-- Honestly, I love her folding methods and my sock and underwear space went from 2 drawers to 1. All my shirts now fit on one shelf as well. As someone who needs to see everything in order to process that totality, I was always accused of being messy before, because I'd rather keep all things things in view instead of in some stupid "storage solution." Now I can keep it all visible and look neat. Now how could I do this in my office?!


Most things are not worth taking care of due to planned obsolescence.


> This is fine as reference material, but casual readers may find themselves wishing the author were as economical with words as she is with possessions.


I have been hoping someone writes the digital equivalent of a 'tidying up' book. How to organize your files (or how to enable efficient searches), how to keep track of your digital possesions, whether to discard them or just store them on Amazon Glacier, proven strategies for storing logins & passwords, etc. Preferably written for techies.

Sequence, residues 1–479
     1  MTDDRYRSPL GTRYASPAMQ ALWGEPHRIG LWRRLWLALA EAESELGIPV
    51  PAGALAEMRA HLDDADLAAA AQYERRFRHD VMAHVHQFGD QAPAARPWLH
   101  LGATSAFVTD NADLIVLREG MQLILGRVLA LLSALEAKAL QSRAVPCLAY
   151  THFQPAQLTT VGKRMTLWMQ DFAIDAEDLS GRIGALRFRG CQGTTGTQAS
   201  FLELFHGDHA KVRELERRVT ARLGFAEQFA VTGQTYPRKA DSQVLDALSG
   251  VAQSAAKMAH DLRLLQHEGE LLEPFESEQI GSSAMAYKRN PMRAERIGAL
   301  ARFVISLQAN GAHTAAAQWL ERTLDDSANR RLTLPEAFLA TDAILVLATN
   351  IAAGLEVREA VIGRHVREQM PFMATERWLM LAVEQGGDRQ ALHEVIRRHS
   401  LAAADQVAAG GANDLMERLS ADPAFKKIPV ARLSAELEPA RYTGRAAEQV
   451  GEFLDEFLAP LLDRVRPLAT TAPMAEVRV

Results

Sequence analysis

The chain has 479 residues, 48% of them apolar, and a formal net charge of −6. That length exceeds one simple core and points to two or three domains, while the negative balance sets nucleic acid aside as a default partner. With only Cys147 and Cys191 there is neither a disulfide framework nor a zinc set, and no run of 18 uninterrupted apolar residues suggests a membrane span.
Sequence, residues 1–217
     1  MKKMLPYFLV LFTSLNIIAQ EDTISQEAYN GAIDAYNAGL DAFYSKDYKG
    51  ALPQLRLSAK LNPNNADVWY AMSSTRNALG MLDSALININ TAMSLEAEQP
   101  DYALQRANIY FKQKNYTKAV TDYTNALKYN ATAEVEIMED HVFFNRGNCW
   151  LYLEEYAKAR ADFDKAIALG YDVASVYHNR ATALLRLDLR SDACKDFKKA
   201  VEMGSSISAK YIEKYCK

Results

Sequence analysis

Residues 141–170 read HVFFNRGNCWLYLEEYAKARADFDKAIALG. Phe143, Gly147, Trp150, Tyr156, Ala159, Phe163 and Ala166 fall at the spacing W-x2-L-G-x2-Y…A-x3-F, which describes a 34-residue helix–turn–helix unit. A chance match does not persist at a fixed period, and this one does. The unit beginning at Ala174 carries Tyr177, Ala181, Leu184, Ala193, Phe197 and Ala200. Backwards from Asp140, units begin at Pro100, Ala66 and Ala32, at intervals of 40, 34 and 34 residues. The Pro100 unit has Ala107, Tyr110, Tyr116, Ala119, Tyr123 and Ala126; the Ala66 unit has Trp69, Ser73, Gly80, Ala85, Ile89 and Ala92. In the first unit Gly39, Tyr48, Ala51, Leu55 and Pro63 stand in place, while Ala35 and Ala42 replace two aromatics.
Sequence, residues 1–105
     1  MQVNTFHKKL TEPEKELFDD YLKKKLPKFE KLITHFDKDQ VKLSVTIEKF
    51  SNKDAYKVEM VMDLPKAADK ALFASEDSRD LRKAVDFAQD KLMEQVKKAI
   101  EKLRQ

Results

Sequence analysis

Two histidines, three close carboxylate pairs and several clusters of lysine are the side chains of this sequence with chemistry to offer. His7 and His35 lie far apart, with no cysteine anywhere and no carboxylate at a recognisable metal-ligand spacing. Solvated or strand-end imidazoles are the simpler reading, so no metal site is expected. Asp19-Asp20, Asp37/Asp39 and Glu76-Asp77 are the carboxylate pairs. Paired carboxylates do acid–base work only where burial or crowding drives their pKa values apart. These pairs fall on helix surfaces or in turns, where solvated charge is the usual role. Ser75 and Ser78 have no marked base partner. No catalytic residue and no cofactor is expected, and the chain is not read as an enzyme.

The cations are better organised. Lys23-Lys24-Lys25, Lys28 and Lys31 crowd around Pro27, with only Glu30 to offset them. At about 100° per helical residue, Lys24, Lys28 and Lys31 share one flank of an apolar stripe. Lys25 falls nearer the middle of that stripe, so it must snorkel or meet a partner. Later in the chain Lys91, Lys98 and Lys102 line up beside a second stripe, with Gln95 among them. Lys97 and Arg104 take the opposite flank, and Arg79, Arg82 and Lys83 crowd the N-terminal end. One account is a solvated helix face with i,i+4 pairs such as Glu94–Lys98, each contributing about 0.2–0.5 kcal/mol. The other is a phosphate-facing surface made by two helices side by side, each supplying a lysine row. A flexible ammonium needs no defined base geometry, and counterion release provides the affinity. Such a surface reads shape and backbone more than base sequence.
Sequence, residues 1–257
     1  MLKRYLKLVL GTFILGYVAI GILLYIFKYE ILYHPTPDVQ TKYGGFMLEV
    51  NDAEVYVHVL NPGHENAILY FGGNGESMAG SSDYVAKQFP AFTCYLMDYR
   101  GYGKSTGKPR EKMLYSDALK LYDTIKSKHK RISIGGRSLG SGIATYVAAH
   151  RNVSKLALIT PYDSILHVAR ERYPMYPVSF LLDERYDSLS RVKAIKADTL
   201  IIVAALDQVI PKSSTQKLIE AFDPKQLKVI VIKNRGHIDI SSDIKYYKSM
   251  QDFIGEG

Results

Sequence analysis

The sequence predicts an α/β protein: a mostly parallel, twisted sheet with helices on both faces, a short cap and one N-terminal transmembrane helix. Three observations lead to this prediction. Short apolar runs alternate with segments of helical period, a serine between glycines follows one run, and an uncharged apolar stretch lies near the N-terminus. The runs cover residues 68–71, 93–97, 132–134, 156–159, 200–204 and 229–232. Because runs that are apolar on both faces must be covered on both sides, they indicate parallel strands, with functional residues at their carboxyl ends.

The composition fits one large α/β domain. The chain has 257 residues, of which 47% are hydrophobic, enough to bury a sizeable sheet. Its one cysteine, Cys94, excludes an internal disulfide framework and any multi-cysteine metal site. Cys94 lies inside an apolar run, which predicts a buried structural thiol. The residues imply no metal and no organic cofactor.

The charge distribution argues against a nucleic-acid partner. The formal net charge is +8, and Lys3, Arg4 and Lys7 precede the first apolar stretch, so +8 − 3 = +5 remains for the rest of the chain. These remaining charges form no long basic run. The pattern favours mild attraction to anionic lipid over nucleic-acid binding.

We all have some sort of either adhoc or (rarely) a well-planned system of digital organization, but having a nicely written guide would be great for some things we haven't thought about (e.g., useful scripts, clever tricks, backup strategies, etc).

I've looked online for tips and tricks, but I haven't come up with much.


I'd be very interested in this type of book. I've been looking for some sort of community or forum discussion or even just the right term to google for ideas on better digital organization, and either I'm using the wrong term or the information isn't really out there.

I've even been tempted to read some books on library science to come up with ideas for organization, taxonomies, etc, but I haven't done it yet.

I have an idea for a small app that would help in sorting digital files easier (kind of like symlinks to a bunch of disparate folders based on context, with drag and drop support), just to make my own sorting process easier, but I haven't really sat down to work on it yet.